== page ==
Works in this exhibition
JONATHAN MONK and MAURIZIO NANNUCCI - MONK >< NANNUCCI
Quartz Studio is delighted to present the exhibition Monk><Nannucci, a special project conceived specifically for the studio’s opening during the week of the Artissima art fair, with artists Jonathan Monk (Leicester, UK, 1969) and Maurizio Nannucci (Florence, Italy, 1939).
The exhibition's title includes the symbols for 'greater than' and 'less than,' which effectively visually connect the artists' last names, concisely mark their closeness and convey a sense of mutual exchange. The distance between the two artists' generation is reduced to nothing in the thoughtful reflection that each artist makes about the history of art through their work. Where Nannucci is minimal, precise, yet poetic, Monk is wry, witty, and sometimes unexpectedly caustic. As the artists themselves have noted, though their explorations run parallel in many aspects, they have interesting points of intersection. One such intersection is their referencing key figures of twentieth-century art like Alighiero Boetti. Boetti has come up as in Monk's work many times, sometimes explicitly or sometimes less so. Monk's many maps are a contemporary version of Boetti's original maps; his "self measurements" are, in essence, the offspring of the witty, classifying approach often seen in Boetti. And then there is Untitled and Unfinished (Afghanistan) from 2004,for which Monk made an expedition to the Band-e-Amir lakes in Afghanistan, where Boetti would have liked his ashes to have been scattered after his death.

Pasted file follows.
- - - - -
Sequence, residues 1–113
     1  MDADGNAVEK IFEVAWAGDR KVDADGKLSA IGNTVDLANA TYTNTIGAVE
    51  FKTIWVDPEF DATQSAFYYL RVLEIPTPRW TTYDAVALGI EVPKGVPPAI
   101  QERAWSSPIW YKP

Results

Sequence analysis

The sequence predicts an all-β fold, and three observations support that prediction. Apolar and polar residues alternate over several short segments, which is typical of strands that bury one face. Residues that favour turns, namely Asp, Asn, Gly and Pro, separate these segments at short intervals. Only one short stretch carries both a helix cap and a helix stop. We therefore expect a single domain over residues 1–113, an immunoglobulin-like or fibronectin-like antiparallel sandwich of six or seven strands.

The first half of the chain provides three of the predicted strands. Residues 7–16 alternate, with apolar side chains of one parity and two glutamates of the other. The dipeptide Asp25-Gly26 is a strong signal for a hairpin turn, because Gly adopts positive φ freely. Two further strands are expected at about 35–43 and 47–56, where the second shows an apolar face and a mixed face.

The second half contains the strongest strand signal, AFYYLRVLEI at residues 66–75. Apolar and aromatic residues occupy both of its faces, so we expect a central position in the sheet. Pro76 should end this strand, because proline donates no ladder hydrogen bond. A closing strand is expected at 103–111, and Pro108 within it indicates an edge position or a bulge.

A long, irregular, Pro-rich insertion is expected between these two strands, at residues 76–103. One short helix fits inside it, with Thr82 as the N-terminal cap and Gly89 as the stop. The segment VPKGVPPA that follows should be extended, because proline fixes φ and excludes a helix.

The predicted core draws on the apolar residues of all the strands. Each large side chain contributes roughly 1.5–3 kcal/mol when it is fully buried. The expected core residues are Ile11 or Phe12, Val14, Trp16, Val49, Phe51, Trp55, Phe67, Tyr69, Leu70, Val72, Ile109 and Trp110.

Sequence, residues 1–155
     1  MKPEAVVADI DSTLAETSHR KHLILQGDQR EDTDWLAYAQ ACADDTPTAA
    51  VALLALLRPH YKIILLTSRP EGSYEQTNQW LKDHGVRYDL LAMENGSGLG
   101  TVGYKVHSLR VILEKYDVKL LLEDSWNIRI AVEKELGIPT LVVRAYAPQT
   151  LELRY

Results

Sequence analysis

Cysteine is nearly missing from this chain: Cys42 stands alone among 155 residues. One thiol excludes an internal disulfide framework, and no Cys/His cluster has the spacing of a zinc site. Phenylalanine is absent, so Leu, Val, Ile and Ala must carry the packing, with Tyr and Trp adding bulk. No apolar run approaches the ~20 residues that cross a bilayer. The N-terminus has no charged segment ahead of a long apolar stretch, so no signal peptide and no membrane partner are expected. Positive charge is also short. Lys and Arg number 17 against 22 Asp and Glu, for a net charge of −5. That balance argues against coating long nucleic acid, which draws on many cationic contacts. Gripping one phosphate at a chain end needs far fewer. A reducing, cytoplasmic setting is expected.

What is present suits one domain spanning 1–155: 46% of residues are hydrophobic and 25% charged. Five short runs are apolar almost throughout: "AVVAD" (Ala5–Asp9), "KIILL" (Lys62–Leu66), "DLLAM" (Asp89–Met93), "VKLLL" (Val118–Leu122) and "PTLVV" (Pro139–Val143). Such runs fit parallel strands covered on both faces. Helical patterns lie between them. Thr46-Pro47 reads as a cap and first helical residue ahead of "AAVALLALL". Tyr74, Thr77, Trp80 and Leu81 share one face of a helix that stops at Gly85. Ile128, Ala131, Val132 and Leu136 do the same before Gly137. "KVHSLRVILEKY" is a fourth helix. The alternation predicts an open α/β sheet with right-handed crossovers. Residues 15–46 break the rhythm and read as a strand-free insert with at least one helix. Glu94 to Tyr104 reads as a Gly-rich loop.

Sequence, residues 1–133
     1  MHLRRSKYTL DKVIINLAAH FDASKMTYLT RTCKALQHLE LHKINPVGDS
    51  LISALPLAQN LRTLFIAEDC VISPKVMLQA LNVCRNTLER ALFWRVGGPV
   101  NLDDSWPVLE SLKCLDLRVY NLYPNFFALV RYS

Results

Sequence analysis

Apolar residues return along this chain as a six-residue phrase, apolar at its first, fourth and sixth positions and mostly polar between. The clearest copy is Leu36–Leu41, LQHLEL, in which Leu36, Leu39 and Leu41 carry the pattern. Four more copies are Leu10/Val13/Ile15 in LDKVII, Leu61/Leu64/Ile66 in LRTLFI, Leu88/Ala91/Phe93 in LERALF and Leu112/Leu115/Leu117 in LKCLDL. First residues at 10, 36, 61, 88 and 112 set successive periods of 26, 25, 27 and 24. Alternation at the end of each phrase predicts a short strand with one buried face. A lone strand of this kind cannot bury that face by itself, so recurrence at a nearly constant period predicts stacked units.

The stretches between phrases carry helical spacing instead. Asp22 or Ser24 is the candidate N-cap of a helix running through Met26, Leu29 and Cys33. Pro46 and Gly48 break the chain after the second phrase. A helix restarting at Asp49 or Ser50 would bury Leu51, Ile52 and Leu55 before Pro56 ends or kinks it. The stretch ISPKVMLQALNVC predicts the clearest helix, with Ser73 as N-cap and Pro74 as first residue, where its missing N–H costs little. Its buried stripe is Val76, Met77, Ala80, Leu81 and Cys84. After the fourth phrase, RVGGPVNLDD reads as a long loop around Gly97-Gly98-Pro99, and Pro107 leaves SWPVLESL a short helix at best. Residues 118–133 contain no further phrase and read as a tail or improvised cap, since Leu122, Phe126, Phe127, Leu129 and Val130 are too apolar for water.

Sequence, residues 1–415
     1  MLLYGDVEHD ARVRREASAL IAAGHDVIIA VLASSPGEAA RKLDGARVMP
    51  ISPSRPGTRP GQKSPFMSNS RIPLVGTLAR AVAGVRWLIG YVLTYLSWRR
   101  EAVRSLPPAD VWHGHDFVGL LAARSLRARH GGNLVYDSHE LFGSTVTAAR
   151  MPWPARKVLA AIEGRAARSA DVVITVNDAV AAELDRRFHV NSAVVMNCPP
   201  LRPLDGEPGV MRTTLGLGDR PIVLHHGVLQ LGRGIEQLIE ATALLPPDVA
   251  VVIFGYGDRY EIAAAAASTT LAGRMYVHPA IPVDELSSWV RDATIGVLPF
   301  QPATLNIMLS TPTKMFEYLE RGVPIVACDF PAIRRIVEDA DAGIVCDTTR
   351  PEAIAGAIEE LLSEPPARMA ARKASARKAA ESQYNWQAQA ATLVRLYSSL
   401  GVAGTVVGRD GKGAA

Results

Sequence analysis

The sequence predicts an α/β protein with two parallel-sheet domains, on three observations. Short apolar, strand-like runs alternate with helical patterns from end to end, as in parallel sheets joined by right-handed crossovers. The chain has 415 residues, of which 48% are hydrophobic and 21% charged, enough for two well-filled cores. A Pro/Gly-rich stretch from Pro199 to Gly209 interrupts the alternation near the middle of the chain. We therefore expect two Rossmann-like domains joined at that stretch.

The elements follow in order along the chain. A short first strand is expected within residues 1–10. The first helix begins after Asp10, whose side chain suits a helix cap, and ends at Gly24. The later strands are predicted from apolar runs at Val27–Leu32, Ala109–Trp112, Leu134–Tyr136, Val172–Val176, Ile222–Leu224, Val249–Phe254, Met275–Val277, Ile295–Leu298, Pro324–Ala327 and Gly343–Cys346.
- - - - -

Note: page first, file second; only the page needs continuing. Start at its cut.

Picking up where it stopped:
As for Nannucci — from his incredible archives, containing personal memoirs as well as unique documents tracing his artistic path — he has said of Boetti, "With Alighiero, our references came from the same time, and we often surprised ourselves in how close they were and their intuitive similarities.” Nannucci's 'statements' are always mounted in structures that are extraordinary in historic, cultural and landscape senses, such as the Library of the German Parliament (2003), the Altes Museum in Berlin (2005), the Milan Triennale (2006), the historic Hubbrücke bridge in Magdeburg (2008), and the entrancing Medici villa La Magia in Quarrata (2009), just to name a few. In Nannucci's work, the relationship between the work of art and architecture — in the broadest sense of condensing cultural and structural marks — is an essential starting point, the distinguishing feature of his approach to his work and his mode of designing. His statements are always semantically open, while establishing themselves as universal and understood both mentally and emotionally by combining the message, font, size and color, all carefully devised by Nannucci for experiencing the art work in relationship to its context. The result is text and context that mutually reinforce each other. Nannucci's last solo show in Turin was in 1974 when he showed in Christian Stein's gallery, then in Piazza Vittorio. Since 1999, the sentence “All art has been contemporary” is proclaimed in blue at the entrance to GAM in Turin, forging a permanent bond between Nannucci and Turin. And Monk — who is from Britain— can consider himself at home in Turin too, as he has been collaborating since 2000 with gallerist Sonia Rosso. In 2009, on her invitation, Monk created the Lira Hotel (one of the names Alighiero Boetti had considered for his One Hotel in Kabul) where sleeping becomes an experience of full immersion in Monk's work as he 'decorated' a mini-apartment for the project at Via Giulia di Barolo 11.